I do not believe that if one of Israel’s policies is angering the rest of the world, that is reason in and of itself for Israel to halt that policy. The Gaza blockade, for example: The effect it has on the world’s view of Israel is not unimportant, and ought to be factored in to any decision over whether or not to keep it; but ultimately, it is at least arguable that Israeli policymakers could legitimately determine that the pros outweigh the cons and that the blockade should stay.

But today I’m making an exception. Apparently several Israeli Internet entrepreneurs figured out last year that they could make a lot of money acting as middlemen for the buying and selling of vuvuzelas—those horrible, noxious, bzzzzzzz-sounding cheap plastic horns that South African “fans”* have been playing incessantly during World Cup matches—and, so yeah, www.buy-vuvuzelas.com (please don’t) is Israeli-owned.

This may not be why some hate Israel. But it sure ain’t helping.

Israeli Company Leads Charge To Supply World with Vuvuzelas [Haaretz]

*Any notion that the horns have anything to do with rooting for one team, or rooting for good play, is B.S., because the noise doesn’t change no matter what is happening on the pitch, or no matter which team is doing what. I don’t even see how you can pay attention to what’s happening on the pitch if you spend the whole game blowing on your damn horn. It’s not like football, where the home crowd makes more noise when the other team has the ball to try to force a false start. It’s just horrible and stupid and wrong and it’s probably partly responsible for how few goals there have been and FIFA is going to regret not having banned them. End rant.

Today on Tablet

Extreme awakening, and more

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Today in Tablet Magazine, Mideast columnist Lee Smith argues that even as President Obama continues his rhetoric about appealing to Muslim moderates, his diplomats have begun to shift toward negotiating with extremists in the region. A Vox Tablet podcast features the rock outfit Yiddish Princess. The Scroll is really excited about Bloomsday tonight, and hopes you can make it!

J Street Challenges AIPAC Over Flotilla Letter

Relatedly, senators are inundated with mail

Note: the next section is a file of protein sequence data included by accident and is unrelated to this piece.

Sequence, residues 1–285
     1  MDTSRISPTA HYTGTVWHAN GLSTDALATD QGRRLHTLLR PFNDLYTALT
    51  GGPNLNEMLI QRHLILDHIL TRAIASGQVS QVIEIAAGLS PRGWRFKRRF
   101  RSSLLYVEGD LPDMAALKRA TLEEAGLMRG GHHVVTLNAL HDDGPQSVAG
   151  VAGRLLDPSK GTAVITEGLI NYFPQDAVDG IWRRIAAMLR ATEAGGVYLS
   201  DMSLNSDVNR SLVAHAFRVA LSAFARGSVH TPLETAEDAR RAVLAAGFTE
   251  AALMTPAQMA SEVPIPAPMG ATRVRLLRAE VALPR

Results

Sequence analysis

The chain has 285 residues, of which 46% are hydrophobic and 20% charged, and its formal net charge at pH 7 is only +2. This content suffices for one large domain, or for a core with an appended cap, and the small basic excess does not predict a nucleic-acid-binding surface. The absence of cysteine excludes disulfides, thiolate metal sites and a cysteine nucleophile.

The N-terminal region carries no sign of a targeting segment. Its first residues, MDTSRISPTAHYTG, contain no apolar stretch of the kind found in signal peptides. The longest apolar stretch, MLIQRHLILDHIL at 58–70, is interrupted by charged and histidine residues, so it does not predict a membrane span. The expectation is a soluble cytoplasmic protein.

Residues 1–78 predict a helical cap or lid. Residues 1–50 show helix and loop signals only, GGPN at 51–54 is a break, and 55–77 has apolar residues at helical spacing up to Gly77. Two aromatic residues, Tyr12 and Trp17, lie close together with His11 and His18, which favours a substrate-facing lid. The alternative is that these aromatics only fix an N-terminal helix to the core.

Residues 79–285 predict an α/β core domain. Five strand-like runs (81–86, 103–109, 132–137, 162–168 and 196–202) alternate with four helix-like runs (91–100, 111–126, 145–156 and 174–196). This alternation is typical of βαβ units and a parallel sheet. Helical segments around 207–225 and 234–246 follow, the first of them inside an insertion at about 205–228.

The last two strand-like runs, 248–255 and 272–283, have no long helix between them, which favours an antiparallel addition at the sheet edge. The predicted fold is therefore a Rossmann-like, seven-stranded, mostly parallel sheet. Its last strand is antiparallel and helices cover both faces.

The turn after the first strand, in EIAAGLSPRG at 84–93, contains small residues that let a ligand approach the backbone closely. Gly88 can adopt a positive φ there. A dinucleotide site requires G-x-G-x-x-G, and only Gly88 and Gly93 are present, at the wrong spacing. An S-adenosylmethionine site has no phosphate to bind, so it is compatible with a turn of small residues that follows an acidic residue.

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(Flickr)

J Street has not openly warred with AIPAC—the more conservative Israel group whose dominance J Street was partly founded to counterbalance—in awhile. As far as energy sanctions against Iran are concerned, the two groups have actually been on the same team (which has not necessarily been the Obama administration’s team). But now, a letter AIPAC is circulating for signatures is drawing a direct challenge from the newer, smaller, “pro-Israel, pro-peace” outfit.

The AIPAC letter calls for U.S. support for Israel in the face of international condemnations of the flotilla incident and calls for an international probe. “Israeli forces used necessary force as an act of self-defense and of last resort,” it argues.

“These letters,” responds J Street head Jeremy Ben-Ami, “have been drafted primarily for domestic political consumption rather than to advance the U.S. interest in peace and security in the Middle East.” (I received his letter in a press release, but haven’t seen it online yet; I’ll post it after the jump.) “J Street urges members of Congress to seek changes to the letters currently circulating before signing—or to write their own.” Among other things, Ben-Ami argues (in—what else?—a letter to legislators), the other letters do not sufficiently recognize the suffering of Gazans.

A J Street spokesperson clarified for me yesterday evening that the “letters” Ben-Ami refers to are the AIPAC one in the House, which has been lead-signed by Reps. Gary Peters (D-Michigan) and Ted Poe (R-Texas); and the one signed by Senate Majority and Minority Leaders Harry Reid (D-Nevada) and Mitch McConnell (R-Kentucky), which urges the State Department to put IHH, the Turkish charity behind the flotilla, on the official U.S. terrorist list. I’ve received a letter from the Conference of Presidents of Major American Jewish Organizations urging senators to sign on to that one.

Now you know why your congressperson didn’t answer that letter you sent them about the pothole on your block: They get quite a few!

Members Defend Israeli Flotilla Action [Ben Smith]
Reid-McConnell Letter: Consider IHH for Terrorist List [JTA]

After the jump, J Street’s letter. (more…)

Daybreak: Actual Aid To Finally Get Through

Plus Moonbeam and Goebbels, and more in the news

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• In the coda, the United Nations expects to deliver the flotilla’s humanitarian cargo to Gaza soon. [NYT]

• In Istanbul, Tom Friedman warns that U.S.-Turkey relations could be headed for catastrophe. [NYT]

• The Israeli flotilla probe will meet for the first time next week. [Haaretz]

• The East Jerusalem construction plan whose announcement three months ago, when Vice President Biden was in town, sparked tensions was just ratified. [JPost]

• California’s former governor (and current gubernatorial candidate) Jerry “Moonbeam” Brown says he regrets having compared a rival’s tactics to Goebbels’. [AP/Vos Iz Neias?]

• Many at the U.N. still endorse the Secretary General’s plan for an international flotilla probe. [Ben Smith]